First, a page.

EExcellenceBeing of finest or highest quality

• Do your personal best• Exceed minimum expectations• Inspire excellence in others

NEHS website, Oct. 26, 2004

character education
Character Education
  • Easy to change moral knowledge.....difficult to change moral conduct
  • To change moral conduct...
    • Adults must model moral behavior
    • Students must experience academic success
    • Students must be taught social skills for success
slide57

Cougar Traits in the Community Student Name __________________________________Displayed the Cougar Trait of: Respect Responsibility Caring Citizenship (Circle the trait you observed)Signature _____________________________________________If you would like to write on the back the details of what you observed feel free! Thank you for supporting our youth.

are rewards dangerous
Are “Rewards” Dangerous?

“…our research team has conducted a series of reviews and analysis of (the reward) literature; our conclusion is that there is no inherent negative property of reward. Our analyses indicate that the argument against the use of rewards is an overgeneralization based on a narrow set of circumstances.”

  • Cameron, 2002
    • Cameron & Pierce, 1994, 2002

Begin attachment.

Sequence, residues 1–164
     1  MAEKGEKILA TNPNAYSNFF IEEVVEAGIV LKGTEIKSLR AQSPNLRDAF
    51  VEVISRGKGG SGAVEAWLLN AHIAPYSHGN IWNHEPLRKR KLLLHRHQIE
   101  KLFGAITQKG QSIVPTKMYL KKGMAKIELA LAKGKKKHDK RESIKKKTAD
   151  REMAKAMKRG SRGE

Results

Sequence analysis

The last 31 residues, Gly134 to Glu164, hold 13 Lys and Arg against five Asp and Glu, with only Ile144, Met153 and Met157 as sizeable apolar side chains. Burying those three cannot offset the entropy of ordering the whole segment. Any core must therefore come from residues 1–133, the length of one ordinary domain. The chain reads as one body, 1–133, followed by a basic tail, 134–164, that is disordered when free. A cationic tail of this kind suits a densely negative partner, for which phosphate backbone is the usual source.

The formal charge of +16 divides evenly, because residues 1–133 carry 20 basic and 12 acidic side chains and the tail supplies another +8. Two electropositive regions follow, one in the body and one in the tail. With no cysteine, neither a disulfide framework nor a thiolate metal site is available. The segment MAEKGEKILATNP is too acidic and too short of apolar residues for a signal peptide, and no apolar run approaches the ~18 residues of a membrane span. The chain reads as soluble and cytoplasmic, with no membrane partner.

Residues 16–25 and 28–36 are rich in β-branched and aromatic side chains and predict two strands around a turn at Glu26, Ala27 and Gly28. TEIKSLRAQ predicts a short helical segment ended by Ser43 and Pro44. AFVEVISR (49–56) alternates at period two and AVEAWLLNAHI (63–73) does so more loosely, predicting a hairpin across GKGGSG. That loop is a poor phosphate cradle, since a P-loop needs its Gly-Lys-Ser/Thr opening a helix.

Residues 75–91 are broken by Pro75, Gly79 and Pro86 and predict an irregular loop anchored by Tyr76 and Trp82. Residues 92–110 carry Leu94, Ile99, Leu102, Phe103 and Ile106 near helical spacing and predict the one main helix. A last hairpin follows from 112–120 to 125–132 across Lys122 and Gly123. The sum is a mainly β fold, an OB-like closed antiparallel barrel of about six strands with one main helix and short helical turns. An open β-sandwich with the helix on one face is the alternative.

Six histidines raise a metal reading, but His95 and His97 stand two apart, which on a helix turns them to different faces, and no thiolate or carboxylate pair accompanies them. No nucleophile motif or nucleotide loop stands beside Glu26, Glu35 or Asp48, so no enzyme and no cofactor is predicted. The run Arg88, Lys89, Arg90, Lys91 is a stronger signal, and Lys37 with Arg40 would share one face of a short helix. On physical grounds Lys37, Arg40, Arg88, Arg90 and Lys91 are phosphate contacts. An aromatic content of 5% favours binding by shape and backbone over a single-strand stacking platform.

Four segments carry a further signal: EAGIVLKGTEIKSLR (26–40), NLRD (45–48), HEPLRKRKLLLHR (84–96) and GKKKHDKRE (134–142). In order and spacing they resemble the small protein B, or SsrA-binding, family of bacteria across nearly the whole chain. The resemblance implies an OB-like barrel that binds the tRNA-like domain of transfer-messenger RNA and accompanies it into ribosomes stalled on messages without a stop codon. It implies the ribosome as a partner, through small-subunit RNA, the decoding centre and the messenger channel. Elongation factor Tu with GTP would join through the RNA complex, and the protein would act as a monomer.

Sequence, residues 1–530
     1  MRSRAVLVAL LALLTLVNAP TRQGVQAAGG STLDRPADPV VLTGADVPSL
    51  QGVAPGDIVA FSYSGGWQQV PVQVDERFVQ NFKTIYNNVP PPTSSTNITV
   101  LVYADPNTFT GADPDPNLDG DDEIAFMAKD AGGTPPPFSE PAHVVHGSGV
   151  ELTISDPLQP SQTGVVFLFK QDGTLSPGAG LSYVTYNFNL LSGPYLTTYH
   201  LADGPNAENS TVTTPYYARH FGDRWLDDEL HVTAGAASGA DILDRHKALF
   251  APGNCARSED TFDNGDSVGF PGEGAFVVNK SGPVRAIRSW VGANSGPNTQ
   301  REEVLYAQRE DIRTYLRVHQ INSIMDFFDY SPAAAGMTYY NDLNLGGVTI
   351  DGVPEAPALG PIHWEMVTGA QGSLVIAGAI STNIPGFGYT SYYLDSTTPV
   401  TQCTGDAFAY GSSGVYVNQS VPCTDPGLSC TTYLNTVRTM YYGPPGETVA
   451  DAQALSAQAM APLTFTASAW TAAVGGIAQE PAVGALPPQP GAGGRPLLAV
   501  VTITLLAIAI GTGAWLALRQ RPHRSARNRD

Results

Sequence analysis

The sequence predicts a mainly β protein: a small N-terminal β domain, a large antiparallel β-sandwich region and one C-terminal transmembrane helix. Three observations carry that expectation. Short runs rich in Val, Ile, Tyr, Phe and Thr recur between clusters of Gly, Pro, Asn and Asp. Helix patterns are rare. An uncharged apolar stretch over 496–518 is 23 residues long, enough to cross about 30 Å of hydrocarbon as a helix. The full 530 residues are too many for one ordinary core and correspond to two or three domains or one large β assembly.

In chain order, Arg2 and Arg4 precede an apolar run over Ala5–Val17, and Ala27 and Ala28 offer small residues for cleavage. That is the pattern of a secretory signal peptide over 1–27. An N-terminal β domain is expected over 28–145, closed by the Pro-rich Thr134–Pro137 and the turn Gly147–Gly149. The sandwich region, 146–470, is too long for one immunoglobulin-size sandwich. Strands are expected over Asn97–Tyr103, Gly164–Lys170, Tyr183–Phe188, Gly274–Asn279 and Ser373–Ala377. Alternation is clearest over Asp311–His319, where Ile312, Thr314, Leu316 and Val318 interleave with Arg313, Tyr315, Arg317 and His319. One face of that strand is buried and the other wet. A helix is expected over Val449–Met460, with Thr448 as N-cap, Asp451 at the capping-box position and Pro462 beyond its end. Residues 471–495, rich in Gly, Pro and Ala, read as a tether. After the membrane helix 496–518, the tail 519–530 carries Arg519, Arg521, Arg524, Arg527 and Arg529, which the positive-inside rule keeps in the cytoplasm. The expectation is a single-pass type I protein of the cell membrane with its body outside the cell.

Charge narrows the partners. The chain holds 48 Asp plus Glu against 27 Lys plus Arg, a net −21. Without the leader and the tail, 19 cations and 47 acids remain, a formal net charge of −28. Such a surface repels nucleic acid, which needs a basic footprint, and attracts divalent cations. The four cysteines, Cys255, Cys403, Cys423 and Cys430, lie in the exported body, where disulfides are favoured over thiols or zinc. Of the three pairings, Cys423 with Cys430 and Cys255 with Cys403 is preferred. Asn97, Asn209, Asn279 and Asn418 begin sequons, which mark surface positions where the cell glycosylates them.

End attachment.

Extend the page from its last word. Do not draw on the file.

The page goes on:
• Cameron, Banko & Pierce, 2001
clever variations
Clever Variations
  • Bus Bucks
  • Super Sub Slips
  • Golden Plunger
  • G.O.O.S.E.
  • First-in-Line
  • Patriot’s Parking Pass
  • Business Partner Discount

What really matters

is positive social

acknowledgement

& interaction!!

slide60

7.

Social Competence &

Academic Achievement

Invest in establishing adequate staff support

OUTCOMES

Supporting

Decision

Making

Supporting

Staff Behavior

DATA

SYSTEMS

PRACTICES

Supporting

Student Behavior

slide62

Pre

Post

odr admin benefit springfield ms md
ODR Admin. BenefitSpringfield MS, MD

2001-2002 2277

2002-2003 1322

= 955 42% improvement

= 14,325 min. @15 min.

= 238.75 hrs

= 40 days Admin. time

odr instruc benefit springfield ms md
ODR Instruc. BenefitSpringfield MS, MD

2001-2002 2277

2002-2003 1322

= 955 42% improvement

= 42,975 min. @ 45 min.

= 716.25 hrs

= 119 days Instruc. time

slide65

4J School District

Eugene, Oregon